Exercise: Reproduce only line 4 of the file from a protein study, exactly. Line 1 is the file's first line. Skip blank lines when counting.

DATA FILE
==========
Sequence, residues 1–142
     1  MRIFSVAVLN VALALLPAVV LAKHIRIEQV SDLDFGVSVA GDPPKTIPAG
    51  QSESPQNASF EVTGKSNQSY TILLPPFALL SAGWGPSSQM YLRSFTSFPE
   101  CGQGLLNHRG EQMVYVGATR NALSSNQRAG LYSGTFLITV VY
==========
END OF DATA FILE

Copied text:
   101  CGQGLLNHRG EQMVYVGATR NALSSNQRAG LYSGTFLITV VY